"Besides being King of Saudi Arabia, Ibn Saud was the Imam of his followers in religion. As Imam he was entitled to lead them in their prayers. He claimed no higher title, and at the time when King Farouk of Egypt was believed to be aiming at the Caliphate, Ibn Saud declared that he himself did not covet that position though he was not prepared to concede it to anyone else. His rule was a theocracy: he governed, he said, by the Holy Qur'an, and in the interpretation of the Holy Qur'an he was prepared to listen to advice from the learned men of his faith."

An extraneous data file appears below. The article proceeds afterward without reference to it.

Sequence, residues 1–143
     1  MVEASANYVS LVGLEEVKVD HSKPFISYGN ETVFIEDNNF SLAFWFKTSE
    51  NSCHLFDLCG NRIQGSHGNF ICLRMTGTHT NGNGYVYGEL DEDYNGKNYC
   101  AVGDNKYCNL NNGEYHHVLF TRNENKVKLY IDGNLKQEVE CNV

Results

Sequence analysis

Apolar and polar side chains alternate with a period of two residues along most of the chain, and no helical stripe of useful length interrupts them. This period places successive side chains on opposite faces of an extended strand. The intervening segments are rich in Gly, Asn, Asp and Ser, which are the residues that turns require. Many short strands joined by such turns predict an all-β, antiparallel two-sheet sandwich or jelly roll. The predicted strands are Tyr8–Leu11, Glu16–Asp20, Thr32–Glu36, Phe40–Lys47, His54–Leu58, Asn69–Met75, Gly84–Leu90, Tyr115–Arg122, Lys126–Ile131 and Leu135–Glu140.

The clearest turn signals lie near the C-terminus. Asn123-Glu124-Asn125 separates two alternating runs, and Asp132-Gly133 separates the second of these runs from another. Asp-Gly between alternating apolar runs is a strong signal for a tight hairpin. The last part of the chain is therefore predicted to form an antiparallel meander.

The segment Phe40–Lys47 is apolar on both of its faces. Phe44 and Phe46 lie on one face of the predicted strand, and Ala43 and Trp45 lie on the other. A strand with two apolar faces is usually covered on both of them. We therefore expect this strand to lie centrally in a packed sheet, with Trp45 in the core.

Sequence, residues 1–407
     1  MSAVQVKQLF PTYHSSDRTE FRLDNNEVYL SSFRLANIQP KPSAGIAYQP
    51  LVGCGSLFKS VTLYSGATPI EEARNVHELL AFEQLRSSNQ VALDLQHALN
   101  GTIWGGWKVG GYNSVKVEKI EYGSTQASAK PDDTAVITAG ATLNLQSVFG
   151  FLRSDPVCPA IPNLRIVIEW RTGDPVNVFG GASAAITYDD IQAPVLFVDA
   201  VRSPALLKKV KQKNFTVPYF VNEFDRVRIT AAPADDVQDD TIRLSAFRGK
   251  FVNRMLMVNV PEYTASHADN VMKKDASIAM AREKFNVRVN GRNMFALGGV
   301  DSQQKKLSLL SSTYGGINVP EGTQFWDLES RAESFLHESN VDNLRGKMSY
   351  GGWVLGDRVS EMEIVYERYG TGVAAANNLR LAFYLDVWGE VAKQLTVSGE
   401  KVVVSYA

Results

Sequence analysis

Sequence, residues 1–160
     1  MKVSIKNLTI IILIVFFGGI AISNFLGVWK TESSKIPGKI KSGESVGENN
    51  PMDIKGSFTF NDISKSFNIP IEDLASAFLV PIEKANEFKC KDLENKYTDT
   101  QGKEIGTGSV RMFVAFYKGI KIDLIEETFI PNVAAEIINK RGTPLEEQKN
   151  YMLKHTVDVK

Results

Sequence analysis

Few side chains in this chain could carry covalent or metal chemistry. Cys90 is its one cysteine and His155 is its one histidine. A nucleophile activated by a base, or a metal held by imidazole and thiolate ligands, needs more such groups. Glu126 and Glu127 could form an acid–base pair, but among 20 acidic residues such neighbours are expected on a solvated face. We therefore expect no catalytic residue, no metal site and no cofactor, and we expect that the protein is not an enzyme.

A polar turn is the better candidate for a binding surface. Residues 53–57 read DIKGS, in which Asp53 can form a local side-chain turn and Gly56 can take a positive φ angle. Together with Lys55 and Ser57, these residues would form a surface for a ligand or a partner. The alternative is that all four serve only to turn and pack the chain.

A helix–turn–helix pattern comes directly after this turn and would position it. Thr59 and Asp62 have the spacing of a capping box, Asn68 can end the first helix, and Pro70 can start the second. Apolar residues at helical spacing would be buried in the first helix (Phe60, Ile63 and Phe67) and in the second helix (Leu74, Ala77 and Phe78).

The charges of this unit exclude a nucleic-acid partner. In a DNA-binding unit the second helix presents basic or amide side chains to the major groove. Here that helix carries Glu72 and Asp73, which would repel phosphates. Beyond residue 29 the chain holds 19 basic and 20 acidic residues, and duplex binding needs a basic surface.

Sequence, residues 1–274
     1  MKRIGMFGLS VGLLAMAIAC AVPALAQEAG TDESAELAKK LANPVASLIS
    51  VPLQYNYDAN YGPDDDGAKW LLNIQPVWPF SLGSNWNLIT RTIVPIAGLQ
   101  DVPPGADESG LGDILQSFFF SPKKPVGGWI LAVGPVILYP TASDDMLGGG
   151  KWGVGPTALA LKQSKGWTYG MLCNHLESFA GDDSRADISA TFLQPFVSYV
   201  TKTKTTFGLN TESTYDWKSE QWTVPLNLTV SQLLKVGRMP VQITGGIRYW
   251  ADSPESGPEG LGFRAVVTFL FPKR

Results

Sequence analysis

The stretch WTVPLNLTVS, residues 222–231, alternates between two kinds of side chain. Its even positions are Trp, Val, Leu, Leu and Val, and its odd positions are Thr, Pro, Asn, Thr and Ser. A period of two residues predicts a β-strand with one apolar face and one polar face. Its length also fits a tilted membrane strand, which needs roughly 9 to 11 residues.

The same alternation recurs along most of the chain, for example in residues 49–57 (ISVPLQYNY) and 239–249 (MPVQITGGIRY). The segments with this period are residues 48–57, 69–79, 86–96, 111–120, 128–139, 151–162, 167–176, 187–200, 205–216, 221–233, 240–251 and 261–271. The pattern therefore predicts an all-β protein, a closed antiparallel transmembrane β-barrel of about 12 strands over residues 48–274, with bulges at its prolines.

"Ibn Saud could countenance extravagance in his family but he himself retained the simplicity of what he regarded as the best time of his life - the early years of ‘danger and distress’ spent mainly in the desert, and he still drank camel’s milk and ate sparingly of plain food."
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